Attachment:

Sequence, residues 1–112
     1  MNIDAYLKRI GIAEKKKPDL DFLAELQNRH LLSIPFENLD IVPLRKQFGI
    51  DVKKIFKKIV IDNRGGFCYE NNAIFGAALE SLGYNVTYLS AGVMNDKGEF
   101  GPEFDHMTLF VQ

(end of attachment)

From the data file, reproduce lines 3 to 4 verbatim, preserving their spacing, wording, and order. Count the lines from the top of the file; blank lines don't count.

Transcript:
    51  DVKKIFKKIV IDNRGGFCYE NNAIFGAALE SLGYNVTYLS AGVMNDKGEF
   101  GPEFDHMTLF VQ